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Truck-only lanes would ease congestion, improve safety, officials say

Thursday, April 3, 2008 | 8:26 p.m. CDT; updated 4:24 a.m. CDT, Tuesday, July 22, 2008

COLUMBIA — With nearly 10,000 trucks traveling Interstate 70 daily, the Missouri Department of Transportation aims to improve safety and alleviate traffic with a proposal to add truck-only lanes.

The proposed design would separate cars and trucks by adding four center lanes for motor carrier vehicles — two lanes going eastbound and two westbound. A 30 foot-wide grass barrier would separate the inner truck lanes from the two adjacent car lanes.

The transportation department displayed the proposal to Columbia residents Thursday night at a public hearing.

“Cars being separated from trucks will be an obvious safety improvement,” said Kenny Voss, the transportation department’s project manager for the design.

Voss said that nearly 27 percent of accidents involve a truck and, of those, 38 percent are fatalities. He cited several other advantages to having the separate truck lanes, including improved traffic flow when an accident blocks lanes.

“The nice thing about this concept is if there’s an accident you can move everyone on to the other lanes,” Voss said. “There’s the possibility of using heavier trucks because the thickness of those lanes will be greater.”

According to the design, trucks exit from ramps leading into the car lanes, where they would yield to traffic and have approximately 1,500 feet to get to the highway exit. On high traffic exits, such as ones near St. Louis and Kansas City, the trucks would exit off their own ramps.

The cost is estimated at $3.5 billion to $4 billion. Currently, there is no funding for this project. The federal government has earmarked about $5 million for the study into the “Corridors of the Future,” which will include adding this design to several other states. This design to separate the trucks from cars has not been used anywhere in the country yet.

Rick Lindemann, who owns land bordering I-70 in Kingdom City, said he likes the design and came to the public hearing to see how much land would be needed for the new design.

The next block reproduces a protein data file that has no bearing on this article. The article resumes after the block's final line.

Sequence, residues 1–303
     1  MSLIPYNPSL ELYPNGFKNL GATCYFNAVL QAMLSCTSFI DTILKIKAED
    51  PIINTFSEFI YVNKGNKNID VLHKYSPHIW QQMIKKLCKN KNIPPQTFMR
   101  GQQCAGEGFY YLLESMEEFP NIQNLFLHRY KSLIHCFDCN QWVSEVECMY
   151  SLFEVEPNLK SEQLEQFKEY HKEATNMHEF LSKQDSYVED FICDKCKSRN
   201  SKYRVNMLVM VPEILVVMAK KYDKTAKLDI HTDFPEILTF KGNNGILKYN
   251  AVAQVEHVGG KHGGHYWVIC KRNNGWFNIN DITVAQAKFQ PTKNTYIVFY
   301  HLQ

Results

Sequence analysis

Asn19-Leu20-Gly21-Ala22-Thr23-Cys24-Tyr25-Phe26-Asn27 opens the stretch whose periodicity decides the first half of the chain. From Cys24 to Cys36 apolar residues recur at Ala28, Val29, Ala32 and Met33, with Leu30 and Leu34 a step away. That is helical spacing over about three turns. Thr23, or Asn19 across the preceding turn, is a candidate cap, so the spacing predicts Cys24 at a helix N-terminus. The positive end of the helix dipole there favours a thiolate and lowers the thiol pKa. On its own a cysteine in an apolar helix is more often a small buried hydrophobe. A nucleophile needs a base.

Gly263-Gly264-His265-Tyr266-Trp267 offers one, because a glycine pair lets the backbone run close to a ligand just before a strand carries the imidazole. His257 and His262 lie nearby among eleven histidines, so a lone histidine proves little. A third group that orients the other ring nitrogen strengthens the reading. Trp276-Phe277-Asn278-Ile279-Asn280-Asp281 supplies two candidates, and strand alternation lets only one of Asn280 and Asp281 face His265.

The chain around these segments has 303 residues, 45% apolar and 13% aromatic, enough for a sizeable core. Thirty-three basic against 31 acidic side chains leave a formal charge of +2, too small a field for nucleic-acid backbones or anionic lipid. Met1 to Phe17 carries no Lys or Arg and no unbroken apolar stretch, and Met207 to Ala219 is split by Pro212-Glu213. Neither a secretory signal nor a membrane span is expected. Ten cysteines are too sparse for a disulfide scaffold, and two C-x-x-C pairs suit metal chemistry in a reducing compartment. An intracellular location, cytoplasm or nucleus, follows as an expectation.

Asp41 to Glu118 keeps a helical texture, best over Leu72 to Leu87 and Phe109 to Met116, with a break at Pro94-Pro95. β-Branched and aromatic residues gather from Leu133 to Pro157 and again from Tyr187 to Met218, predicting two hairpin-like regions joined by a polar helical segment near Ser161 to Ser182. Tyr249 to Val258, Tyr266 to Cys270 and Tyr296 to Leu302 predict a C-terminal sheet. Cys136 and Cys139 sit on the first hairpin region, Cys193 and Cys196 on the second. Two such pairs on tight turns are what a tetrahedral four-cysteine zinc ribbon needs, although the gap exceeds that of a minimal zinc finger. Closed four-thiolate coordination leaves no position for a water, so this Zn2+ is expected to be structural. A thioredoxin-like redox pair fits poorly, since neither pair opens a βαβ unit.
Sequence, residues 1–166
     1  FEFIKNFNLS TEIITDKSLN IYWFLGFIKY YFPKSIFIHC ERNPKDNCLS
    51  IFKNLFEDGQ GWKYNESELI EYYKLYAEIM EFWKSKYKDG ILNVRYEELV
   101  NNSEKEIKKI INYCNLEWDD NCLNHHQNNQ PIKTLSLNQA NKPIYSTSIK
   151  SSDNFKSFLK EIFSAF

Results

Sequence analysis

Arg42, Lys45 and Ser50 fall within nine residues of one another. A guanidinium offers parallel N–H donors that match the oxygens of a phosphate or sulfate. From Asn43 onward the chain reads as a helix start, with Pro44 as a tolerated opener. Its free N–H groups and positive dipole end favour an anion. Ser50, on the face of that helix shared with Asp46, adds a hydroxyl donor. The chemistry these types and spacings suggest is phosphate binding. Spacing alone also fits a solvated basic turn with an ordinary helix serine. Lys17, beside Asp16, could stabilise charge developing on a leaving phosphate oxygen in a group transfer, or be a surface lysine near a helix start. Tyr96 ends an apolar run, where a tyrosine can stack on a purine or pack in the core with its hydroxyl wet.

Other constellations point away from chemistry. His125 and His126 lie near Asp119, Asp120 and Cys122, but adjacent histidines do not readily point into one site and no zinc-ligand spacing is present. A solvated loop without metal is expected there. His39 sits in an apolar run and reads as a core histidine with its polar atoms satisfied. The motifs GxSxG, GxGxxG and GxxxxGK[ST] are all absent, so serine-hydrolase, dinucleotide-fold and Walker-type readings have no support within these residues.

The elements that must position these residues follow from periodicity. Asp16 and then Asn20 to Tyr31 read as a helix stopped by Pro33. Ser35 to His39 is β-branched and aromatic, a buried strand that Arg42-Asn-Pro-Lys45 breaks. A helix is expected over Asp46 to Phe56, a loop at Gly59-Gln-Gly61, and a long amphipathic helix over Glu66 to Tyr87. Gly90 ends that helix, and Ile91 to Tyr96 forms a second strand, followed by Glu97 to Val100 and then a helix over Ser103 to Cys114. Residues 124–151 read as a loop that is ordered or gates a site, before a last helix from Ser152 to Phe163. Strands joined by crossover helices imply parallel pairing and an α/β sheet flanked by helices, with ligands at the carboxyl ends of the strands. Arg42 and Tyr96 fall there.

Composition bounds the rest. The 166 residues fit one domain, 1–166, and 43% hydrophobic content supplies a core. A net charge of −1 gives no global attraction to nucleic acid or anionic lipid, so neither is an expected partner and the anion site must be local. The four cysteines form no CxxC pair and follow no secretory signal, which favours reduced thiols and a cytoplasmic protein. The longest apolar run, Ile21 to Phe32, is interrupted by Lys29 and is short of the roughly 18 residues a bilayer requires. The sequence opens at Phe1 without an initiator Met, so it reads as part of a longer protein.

“It’s a good idea to separate the trucks and cars just because of the amount of traffic on that road,” Lindemann said. “Especially on summer weekends, and have you ever tried to go on there at Thanksgiving Day weekend?”

An officer from the Missouri State Highway Patrol stopped by the public hearing to find out about the plans. Cpl. Paul Meyers said separating professional drivers like truckers from cars was a good idea. He said the different attitudes on the road sometimes conflict with each other.

He said separating them will make pulling over cars easier.

“For truckers, it’s a game to see if they can blow our hats off as they go by. They go 70 mph behind you and it’s not all that fun,” Meyers said.

For state patrol officers, getting to the center truck lanes may be difficult if they are separated by a grass barrier, Meyers said.

“You might get a drunk driver wander onto the truck lanes and we can’t get over to them,” Meyers said.

Transportation department officials said they have consulted with major truck industries about their designs.

Lori Hauxwell, vice president of Davison Distribution, a Columbia truck company, had several questions about the safety of trucks merging from the left into car traffic.

“My main concern is the distance the trucks have to merge from their lanes,” Hauxwell said. “I would say it needs at least a mile, and in the congested areas you’re not going to get that. Trucks have to have enough distance to slow down ... It’ll be a challenge entering from the left side.”


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Comments

Jon Galloway April 3, 2008 | 9:58 p.m.

They want us to pay $3.5-$4 billion for the private trucking industry, but we cannot spend $10.6 million for the semi-public/private railroads? Talk about subsidies for private business. Not to mention that oil and gas are only going to get more expensive and we keep throwing money at roads, which take oil and gas to build and use.

(Report Comment)
Some Guy April 4, 2008 | 6:32 a.m.

For one, you're not comparing apples to apples. The Amtrak funding is for passenger traffic only, not moving cargo. Plus, we'd have to spend much more than $10.6 million to make trains a viable replacement for roads--and even then you still need to roads to get to the stations. Last time I checked, Amtrak doesn't serve Columbia.

Two, if trucks have their own lanes it benefits alot more than just more than just private businesses. It would reduce car/truck accidents saving lives; reduce maintenance on car-only lanes (thus saving money) and make truck-only lanes more suited for larger loads; and set up a back-up system in case of an accident on one set of lanes or a major evacuation.

You can even charge tolls for trucks to use the roads, which could offset the initial investment.

As for the old oil and gas argument, that's solved by backing electric cars--which is going to have to happen eventually anyway. Keep in mind, trains run on oil and gas too--and they don't offer nearly the flexibility to go where you want when you want.

(Report Comment)
Some Guy April 4, 2008 | 6:46 a.m.

I would also add that saying that highway funding is a subsidy for private business is the same as saying public education is a subsidy for private business because it provides businesses with trained workers free of charge.

Do you oppose funding public education as well?

(Report Comment)

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